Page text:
With Apple’s track record for creating intentionally addictive products, and with the comfortable design intended to for us to wear Vision Pro all the time, what happens when our brains are trained to prefer Apple’s mediated world to the real one?

Your house isn’t nice enough? The people in it not attractive enough? Real life too painful? Just put on your Apple-colored glasses, and everything will look great.

What would Marshall McLuhan say about Apple’s false vision? Plenty, but especially this from Understanding Media: The Extensions of Man (all McLuhan quotes here are from the Kindle Edition of this book):

We have reached a similar point of data gathering when each stick of chewing gum we reach for is acutely noted by some computer that translates our least gesture into a new probability curve or some parameter of social science. Our private and corporate lives have become information processes just because we have put our central nervous systems outside us in electric technology. (p. 57, emphasis mine)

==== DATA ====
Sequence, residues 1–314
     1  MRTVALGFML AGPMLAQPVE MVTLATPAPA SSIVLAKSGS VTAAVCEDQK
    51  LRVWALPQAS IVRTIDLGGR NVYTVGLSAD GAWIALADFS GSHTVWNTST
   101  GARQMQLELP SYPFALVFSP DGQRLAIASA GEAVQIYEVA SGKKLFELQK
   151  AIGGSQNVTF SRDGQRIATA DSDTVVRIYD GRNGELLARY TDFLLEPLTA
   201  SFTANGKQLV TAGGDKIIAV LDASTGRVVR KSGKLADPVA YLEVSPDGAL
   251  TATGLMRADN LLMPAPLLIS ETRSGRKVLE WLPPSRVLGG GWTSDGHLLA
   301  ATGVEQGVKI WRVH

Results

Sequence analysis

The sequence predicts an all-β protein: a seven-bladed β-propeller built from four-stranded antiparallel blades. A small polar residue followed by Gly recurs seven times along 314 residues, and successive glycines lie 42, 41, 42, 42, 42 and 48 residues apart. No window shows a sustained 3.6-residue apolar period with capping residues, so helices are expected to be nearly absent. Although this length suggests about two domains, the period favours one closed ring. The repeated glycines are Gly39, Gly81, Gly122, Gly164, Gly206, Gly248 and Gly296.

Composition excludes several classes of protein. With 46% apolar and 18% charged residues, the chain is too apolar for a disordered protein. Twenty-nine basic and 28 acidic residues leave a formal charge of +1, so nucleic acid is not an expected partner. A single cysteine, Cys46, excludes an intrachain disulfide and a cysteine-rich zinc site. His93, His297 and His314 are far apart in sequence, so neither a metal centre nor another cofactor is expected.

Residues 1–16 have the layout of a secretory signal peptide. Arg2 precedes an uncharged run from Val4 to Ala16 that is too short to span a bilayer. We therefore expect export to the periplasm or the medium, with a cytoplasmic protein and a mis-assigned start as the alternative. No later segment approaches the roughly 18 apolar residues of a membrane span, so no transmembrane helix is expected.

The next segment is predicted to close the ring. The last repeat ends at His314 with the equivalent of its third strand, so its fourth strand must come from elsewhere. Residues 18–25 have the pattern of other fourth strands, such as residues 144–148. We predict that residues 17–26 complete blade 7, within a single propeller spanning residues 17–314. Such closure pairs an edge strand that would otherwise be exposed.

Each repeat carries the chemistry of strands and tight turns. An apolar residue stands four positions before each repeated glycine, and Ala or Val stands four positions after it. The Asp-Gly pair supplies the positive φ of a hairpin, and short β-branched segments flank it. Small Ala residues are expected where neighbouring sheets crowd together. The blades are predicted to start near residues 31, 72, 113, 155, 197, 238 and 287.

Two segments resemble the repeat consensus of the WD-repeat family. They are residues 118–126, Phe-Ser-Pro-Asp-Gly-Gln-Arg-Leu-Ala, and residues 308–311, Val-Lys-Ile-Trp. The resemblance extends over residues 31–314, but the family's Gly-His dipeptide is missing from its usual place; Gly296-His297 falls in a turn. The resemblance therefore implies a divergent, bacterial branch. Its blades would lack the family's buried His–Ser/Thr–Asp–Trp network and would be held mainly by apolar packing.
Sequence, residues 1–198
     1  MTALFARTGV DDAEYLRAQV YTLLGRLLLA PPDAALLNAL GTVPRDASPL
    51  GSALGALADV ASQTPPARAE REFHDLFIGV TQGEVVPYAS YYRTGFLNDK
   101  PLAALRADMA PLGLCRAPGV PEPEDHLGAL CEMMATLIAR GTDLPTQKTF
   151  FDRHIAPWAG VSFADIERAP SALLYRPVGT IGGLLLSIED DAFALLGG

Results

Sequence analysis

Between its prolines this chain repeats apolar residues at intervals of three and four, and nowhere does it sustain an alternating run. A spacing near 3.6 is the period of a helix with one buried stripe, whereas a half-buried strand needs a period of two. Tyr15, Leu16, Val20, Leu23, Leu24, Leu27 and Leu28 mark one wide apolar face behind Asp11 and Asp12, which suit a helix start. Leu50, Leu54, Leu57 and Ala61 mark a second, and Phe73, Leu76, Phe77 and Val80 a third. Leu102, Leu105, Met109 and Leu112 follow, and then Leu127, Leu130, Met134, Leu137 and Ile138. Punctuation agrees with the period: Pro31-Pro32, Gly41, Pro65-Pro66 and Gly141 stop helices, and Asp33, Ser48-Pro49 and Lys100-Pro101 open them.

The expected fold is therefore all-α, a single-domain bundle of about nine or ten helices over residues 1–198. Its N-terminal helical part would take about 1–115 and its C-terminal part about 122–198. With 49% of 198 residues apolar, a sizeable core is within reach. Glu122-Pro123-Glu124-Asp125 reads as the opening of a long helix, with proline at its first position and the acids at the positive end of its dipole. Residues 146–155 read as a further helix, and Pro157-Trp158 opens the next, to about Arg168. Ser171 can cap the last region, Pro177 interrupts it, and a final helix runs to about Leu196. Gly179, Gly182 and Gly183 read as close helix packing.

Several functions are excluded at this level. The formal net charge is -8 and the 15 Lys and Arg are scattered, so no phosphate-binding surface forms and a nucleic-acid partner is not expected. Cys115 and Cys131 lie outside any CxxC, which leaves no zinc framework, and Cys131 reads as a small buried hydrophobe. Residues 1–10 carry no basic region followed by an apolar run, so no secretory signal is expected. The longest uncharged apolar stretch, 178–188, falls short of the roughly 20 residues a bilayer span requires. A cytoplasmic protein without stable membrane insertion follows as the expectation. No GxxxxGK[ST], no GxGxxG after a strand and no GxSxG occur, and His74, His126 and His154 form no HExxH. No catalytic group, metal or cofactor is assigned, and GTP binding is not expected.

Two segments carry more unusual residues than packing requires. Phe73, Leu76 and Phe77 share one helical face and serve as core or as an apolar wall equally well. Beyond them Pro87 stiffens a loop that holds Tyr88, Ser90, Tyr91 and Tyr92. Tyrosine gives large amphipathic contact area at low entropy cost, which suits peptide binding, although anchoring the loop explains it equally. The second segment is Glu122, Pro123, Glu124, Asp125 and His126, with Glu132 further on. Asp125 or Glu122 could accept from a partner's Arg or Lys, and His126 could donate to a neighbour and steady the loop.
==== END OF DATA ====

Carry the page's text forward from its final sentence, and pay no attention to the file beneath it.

How in 1964 could McLuhan have anticipated that everything we see and reach for will be noticed, cataloged, and used against us by something like Vision Pro? But more importantly, he saw through Apple’s lie that we see our world. We are putting “our central nervous system outside us” through this device. We’re extending our senses into an interface that will change us in ways we can’t even imagine. But if history is a reliable guide, seeing through Apple’s false vision is going to be more addictive — and more harmful — than ever.

False Connection

Another false promise from Apple’s propa-film claims, “Foundational to Vision Pro is that you’re not isolated from other people.” Because we’re going to get used to seeing people walking around with Vision Pro on their faces with their eyes projected on the front displays or through their avatar in Facetime, they claim that we’re still going to be connected with each other.

But you know how connected you feel with someone who’s on their phone? What about when you’re with someone who is looking at you through cameras, and who could drop anything else on the internet over their view of you? Or use an app that changes your appearance in their eyes? Making you look like someone they’d rather see?

Vision Pro isolates us by the mere fact of its presence since everything we see has this device in the middle. It’s a technological barrier that divides us more than ever.

If the world is processed in real time by a device on our faces, everything we see becomes “virtual.” We’re in The Matrix. And what’s more Matrix-like than the new Facetime features they’re so proud of? From their propa-film: